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Black Horses for the King
     If Wishes Were Horses
Anne McCaffrey
     Anne McCaffrey
Del Rey Books, 206 pages
     Roc Books, 85 pages

Art: David Shannon
Black Horses for the King

Art: Harvey Parker
If Wishes Were Horses
Anne McCaffrey
Anne McCaffrey was born in Cambridge, MA. She graduated cum laude from Radcliffe College, majoring in Slavonic Languages and Literatures. Her first novel, Restoree, was published by Ballantine Books in l967. However, she is best know for her Dragonriders of Pern novels. Del Rey has developed an extensive site dedicated to her Pern novels.

Although she used to make appearances throughout the world, arthritis has now restricted such travel. She lives in a house of her own design, Dragonhold-Underhill, in Wicklow County, Ireland.

Anne McCaffrey Website
ISFDB Bibliography
SF Site Review: The Masterharper of Pern
Excerpt: The Dolphins of Pern
Excerpt: Dragon's Eye - aka Red Star Rising

Past Feature Reviews
A review by Regina Lynn Preciado

I review these two stories together because they reach a similar audience and exhibit the same qualities. Both If Wishes Were Horses and Black Horses for the King tell pleasant, engaging stories. Both appeal to horse-crazy young readers. Both charmed me in a life-was-so-simple-then kind of way -- "then" being my childhood, when I read every horse book in the county. Yet both lack the suspense and tension that would make them truly great "reads."

McCaffrey's strength has always been in her characterization. Imperfect, likable characters kept me reading to the end in Freedom's Landing, an otherwise boring novel. In If Wishes Were Horses and Black Horses for the King, the characterization carries the tale.

Both stories feature dedicated, hard-working youngsters making a difference in their worlds, sometimes without their realizing it. Tirza in If Wishes Were Horses says little but observes much, while Galwyn in Black Horses for the King takes a more proactive approach to getting what he wants.

The problem is, getting what they want -- in both books, horses -- seems too easy. Tirza's far-seeing mother assures the children in the beginning that their father will return safely from the war, so that threat does not hang over us. The family, left behind to care for themselves and for the displaced villagers, meets each challenge with resourcefulness and creativity but without any real fear of failure.

If Wishes Were Horses is an agreeable little tale that makes for good reading aloud and provides a gentle escape from hectic modern life or movies about comets. In fact, If Wishes Were Horses reads more like a ballad than a story, complete with refrain: "I'll see what I can do about that," Mother said.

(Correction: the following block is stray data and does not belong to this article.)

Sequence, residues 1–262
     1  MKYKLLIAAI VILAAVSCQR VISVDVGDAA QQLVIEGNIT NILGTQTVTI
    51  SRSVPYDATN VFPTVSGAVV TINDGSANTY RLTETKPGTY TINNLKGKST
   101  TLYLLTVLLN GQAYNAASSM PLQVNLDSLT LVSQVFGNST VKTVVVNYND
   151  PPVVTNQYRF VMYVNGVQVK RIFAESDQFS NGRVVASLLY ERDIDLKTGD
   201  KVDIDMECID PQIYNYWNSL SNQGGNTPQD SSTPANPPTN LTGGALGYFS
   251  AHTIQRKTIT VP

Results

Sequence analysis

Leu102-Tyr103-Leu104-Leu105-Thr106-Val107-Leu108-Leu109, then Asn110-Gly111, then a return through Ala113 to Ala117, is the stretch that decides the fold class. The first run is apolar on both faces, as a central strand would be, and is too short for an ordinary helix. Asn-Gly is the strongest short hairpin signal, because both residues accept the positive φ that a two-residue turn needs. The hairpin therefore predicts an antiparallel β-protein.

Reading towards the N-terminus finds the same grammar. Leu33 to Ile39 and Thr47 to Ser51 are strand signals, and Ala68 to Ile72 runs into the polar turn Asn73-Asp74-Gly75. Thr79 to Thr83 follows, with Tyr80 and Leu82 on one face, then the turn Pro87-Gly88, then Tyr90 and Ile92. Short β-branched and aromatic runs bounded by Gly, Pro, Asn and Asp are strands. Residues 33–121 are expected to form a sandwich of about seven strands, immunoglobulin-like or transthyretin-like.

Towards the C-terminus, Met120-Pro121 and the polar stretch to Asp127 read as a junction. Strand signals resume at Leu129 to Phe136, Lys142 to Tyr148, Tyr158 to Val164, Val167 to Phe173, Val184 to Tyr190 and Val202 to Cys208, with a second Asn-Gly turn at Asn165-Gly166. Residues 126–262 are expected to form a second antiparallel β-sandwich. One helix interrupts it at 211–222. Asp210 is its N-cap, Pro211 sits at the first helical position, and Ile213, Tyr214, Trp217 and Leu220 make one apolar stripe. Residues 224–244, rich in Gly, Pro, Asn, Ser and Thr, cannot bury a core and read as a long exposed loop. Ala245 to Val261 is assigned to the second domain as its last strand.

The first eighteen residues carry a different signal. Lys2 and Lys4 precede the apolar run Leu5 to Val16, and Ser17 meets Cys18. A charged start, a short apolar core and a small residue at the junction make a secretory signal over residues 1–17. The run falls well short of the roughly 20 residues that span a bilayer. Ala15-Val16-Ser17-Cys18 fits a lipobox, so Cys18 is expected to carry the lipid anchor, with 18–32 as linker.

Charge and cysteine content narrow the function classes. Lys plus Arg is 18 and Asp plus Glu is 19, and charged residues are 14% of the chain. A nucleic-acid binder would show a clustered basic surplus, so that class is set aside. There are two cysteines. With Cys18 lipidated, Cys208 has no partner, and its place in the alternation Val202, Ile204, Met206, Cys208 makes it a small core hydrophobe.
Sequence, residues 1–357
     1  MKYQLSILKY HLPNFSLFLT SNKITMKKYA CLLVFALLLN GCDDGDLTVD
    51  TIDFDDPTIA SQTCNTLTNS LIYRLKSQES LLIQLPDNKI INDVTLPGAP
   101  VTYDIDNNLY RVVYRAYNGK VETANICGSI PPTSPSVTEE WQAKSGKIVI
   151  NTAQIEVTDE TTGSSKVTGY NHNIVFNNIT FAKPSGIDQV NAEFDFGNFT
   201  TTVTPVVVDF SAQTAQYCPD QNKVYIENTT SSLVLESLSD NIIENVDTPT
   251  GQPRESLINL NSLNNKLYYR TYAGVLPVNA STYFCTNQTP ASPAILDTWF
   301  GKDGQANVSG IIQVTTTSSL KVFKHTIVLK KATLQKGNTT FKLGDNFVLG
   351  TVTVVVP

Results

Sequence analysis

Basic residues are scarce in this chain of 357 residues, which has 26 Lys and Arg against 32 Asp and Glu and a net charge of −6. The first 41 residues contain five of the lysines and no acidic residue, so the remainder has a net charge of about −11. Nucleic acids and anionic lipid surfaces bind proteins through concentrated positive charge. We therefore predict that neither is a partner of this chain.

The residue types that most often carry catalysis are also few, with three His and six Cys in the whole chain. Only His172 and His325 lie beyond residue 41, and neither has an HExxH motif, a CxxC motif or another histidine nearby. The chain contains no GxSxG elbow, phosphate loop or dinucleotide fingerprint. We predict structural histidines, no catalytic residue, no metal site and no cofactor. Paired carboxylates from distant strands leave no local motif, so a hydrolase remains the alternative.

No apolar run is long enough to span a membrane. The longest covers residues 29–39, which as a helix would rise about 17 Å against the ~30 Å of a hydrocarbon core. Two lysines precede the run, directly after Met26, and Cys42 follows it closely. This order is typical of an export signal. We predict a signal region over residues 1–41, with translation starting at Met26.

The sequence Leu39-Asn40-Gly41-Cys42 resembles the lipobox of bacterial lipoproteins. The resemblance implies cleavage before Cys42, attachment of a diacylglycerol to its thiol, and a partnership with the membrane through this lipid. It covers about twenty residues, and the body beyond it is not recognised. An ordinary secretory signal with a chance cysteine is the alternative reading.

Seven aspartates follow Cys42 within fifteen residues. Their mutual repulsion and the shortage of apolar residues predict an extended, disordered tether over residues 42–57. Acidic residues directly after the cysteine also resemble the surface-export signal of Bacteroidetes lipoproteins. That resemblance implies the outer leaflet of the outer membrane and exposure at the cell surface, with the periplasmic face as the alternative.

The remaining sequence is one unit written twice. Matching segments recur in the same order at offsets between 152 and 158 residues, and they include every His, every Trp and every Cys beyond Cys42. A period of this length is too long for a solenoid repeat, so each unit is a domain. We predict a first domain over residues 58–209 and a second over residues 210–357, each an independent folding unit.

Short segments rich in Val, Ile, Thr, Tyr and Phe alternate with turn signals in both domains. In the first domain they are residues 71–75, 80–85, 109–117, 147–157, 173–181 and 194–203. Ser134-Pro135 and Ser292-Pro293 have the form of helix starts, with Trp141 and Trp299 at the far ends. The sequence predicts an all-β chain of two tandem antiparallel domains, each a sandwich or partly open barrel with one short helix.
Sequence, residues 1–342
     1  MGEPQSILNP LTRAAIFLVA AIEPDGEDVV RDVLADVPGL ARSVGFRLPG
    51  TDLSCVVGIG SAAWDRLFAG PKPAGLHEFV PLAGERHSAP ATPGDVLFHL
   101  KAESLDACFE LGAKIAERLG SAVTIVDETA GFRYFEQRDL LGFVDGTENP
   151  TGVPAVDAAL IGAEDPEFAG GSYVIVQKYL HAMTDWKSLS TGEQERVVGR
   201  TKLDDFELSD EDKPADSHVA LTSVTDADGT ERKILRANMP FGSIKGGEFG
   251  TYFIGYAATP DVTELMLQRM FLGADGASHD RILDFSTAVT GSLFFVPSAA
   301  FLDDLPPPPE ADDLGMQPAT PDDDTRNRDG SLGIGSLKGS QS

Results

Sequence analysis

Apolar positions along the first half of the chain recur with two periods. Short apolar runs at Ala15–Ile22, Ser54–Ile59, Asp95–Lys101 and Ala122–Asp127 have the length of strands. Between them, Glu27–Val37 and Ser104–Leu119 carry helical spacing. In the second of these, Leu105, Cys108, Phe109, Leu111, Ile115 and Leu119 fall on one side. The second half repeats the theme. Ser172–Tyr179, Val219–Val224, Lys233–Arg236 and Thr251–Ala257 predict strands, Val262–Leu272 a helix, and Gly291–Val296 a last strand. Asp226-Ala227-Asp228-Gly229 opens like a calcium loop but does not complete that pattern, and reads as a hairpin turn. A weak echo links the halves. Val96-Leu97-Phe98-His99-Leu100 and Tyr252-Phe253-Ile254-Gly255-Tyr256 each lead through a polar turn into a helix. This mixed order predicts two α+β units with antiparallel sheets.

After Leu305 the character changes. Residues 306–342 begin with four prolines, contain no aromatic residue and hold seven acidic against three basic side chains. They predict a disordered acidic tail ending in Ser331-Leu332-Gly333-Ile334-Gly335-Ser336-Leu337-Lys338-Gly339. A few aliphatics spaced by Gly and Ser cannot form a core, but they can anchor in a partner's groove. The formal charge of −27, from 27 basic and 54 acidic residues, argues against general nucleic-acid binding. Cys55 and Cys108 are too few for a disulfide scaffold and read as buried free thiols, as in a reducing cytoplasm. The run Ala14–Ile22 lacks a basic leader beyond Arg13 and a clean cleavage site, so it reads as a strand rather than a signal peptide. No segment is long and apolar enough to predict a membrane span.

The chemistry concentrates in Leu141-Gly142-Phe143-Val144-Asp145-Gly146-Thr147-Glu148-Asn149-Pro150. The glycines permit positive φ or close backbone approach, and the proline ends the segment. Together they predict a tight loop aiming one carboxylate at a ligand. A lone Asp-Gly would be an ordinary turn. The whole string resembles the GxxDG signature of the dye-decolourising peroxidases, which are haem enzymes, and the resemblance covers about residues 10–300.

I'd also like to take this opportunity to tell Roc that a five-and-a-half by six-and-a-half-inch book of 85 pages is not a novel, despite what it says on the back jacket flap.

The central conflict in Black Horses for the King arises between earnest, devoted Galwyn and the violently jealous Iswy; it mirrors the strife between Artos (King Arthur) and the invading Saxons. Like the Saxons, Iswy remains off-stage for most of the drama; by the time the hostility reaches its peak, the outcome is so quick and so obvious that it's hardly worth mentioning. I never felt like Galwyn (or Artos, for that matter) was in danger, nor did I fear that Galwyn might fall to Iswy's scheming.

Black Horses for the King is rife with potential tension that McCaffrey leaves undeveloped -- an uncaring mother, an abusive uncle, concerns of class or poverty, and the difficulty of being a mere stable lad or blacksmith and yet bearing the King's favor.

I did like the new take on the Arthur mythos. McCaffrey is right -- if the Knights of the Round Table were as burly and strong as we've been led to believe, they needed bigger, sturdier horses than the native ponies. And being horse-crazy myself, I certainly enjoyed the central roles the Libyan horses and of the art of farriery play in the story.

Young girls are the most likely fans for these two stories. I think If Wishes Were Horses will especially appeal to seven- and eight-year-olds who have just begun to discover horse books. Adults who loved the original Pern or Crystal Singer novels and who keep hoping McCaffrey will produce another book like them may want to skip these two.

Copyright © 1999 by Regina Lynn Preciado

Regina Lynn Preciado writes and edits for a living. Her short-lived film career began with a role as an extra in The Empire Strikes Back: Special Edition and ended with another in The Return of the Jedi: Special Edition. She wants to be an astronaut when she grows up. Or maybe a train engineer. Want to know more?

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